Virtual testing can anticipate a large number of manual applications and is particularly suitable for regression testing. The possibilities of these tests are limited, however, as they often only insufficiently map end devices, their use and functions. The test automation tool Appium goes beyond these limitations.
With Selenium, the first open source framework for automated software testing appeared 15 years ago, making it possible to test web applications on different browsers, operating systems and devices. Later, the mobile and permanent presence of information on smartphones posed completely new challenges for testing.
The limits of automated testing
Virtual testing allows a large number of different devices and operating systems to be simulated. However, the never-ending flood of different form factors and screen sizes as well as the great fragmentation of Android operating systems make it difficult to test apps and their user interface for usability. The connectivity of end devices and their performance can only be approximated. Experience shows that in practice, Bluetooth, WLAN, GPS and other connections cannot always guarantee the expected performance on real end devices, depending on the manufacturer and device version. In addition, you only know how a device will accept the application when you install it: This is about the performance of the processor, use of RAM and energy consumption.
Testing with Appium
Appium is a tool that is fundamentally based on the Selenium WebDriver framework, but enables all three types of mobile apps to be tested: native, web-based and hybrid apps. It executes a test script on an end device and simultaneously provides the desired emulation for the operating system. Appium's core is the API, which makes code available for both iOS and Android - cross-platform is the philosophy here.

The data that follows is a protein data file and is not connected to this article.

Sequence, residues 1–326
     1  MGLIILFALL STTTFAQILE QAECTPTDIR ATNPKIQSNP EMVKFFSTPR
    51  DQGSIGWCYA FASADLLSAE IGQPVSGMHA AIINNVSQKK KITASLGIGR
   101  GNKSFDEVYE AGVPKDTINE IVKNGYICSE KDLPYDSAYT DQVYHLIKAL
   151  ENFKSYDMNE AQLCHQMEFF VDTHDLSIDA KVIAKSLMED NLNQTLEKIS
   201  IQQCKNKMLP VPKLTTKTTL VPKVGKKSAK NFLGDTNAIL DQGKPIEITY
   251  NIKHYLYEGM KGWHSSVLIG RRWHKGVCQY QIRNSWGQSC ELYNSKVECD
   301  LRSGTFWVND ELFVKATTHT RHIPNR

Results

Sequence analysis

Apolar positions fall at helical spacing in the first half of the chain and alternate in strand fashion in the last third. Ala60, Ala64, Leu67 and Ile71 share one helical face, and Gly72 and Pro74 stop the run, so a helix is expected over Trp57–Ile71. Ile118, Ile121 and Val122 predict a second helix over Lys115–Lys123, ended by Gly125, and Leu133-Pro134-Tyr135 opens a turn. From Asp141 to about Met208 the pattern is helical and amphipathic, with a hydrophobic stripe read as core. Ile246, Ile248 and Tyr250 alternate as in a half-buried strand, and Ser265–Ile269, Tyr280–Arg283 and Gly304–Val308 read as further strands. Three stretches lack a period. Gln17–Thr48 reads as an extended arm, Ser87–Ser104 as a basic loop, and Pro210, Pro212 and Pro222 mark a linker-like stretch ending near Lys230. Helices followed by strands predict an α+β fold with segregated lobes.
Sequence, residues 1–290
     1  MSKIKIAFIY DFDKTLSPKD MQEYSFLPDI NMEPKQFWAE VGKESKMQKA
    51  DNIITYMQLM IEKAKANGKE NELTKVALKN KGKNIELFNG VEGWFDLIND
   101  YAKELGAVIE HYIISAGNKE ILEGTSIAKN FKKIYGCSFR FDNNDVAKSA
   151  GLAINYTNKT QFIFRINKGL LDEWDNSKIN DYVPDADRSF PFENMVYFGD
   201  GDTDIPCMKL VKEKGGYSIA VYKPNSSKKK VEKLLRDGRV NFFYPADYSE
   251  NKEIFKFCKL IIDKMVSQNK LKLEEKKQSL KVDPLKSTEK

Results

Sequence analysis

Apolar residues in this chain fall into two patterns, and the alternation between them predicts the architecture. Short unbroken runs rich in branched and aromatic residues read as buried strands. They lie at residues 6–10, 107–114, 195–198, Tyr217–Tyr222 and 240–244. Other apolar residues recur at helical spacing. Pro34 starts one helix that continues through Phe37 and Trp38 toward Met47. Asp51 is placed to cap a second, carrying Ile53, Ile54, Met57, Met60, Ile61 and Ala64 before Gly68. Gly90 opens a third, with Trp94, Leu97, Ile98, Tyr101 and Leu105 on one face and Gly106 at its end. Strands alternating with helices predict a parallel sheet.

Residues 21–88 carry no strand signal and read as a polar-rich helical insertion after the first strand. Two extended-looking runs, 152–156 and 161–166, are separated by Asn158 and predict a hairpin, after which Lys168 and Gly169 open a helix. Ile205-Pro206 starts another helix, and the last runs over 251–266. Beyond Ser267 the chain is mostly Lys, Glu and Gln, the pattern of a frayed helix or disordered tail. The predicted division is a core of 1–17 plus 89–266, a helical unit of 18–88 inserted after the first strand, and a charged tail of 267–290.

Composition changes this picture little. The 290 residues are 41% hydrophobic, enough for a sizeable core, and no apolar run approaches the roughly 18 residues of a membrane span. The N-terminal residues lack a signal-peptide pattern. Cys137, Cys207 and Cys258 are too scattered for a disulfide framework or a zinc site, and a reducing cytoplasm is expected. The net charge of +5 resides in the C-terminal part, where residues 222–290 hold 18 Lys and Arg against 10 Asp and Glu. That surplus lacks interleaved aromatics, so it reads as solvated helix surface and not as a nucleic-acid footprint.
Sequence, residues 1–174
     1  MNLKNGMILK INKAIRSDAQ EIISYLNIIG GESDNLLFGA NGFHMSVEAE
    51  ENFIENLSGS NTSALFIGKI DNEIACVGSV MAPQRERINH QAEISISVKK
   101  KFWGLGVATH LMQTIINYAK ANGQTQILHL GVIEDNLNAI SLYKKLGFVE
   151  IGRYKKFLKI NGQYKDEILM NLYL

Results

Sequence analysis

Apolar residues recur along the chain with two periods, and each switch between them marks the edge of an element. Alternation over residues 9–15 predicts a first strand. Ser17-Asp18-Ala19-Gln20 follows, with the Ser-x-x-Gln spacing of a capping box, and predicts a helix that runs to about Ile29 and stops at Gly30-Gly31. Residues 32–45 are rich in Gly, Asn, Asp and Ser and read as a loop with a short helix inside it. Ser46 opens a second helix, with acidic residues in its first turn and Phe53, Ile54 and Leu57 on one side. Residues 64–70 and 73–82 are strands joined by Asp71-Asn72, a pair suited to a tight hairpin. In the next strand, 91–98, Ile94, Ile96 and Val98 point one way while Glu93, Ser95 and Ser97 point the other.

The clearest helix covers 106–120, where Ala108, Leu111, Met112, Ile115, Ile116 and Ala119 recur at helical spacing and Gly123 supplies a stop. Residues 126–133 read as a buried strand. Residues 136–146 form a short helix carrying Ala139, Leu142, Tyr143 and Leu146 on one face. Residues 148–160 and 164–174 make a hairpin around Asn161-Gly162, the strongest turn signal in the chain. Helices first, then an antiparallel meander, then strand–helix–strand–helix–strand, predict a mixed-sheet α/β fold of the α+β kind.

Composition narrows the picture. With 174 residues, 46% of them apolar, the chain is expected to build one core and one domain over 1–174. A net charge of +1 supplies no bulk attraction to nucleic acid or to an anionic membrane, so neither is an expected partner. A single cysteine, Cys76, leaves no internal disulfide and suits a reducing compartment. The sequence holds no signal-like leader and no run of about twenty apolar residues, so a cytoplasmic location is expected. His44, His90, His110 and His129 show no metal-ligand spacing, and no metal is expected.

In the latest version of Appium, the so-called UI Automator has been integrated: With it, all manual functions of native Android apps can be automated. Appium also supports Apple's XCUITest framework. What is special about this is that various manual touchscreen interactions can thus be mapped on the desired end device
Testing on real devices: The advantages
At Appmatics, we use Appium to run tests for mobile apps on real devices from our hardware pool. This offers us several advantages:
- Real display size: The test script simulates the usage tests under the specifications of the real display dimensions and thus identifies errors that might not be mapped with a pure emulation of the device.
- Real functionality: Only certain factors can be mapped in virtual software tests, the real connectivity and performance of the device remains an unknown variable. Appium makes it possible to actually use many hardware functions, such as the device's WLAN.
- Regression tests: It is still possible to simulate thousands of runs of an app test in order to check the stability and error-proneness of the code - but in a device-specific way, so that here, too, better mappability of usage scenarios is ensured.
In summary, the simulation of tests on real end devices offers a better approximation to the real real-time operation of the apps. Appium is the framework that enables the implementation of emulators and test scripts on the end device. Despite these advantages, it is always worthwhile to conduct manual app tests with real testers: This is the only way to find test scenarios that cannot yet be mapped by automated tests and thus find new use cases that can later be repeated and tested thousands of times on real devices through test automation.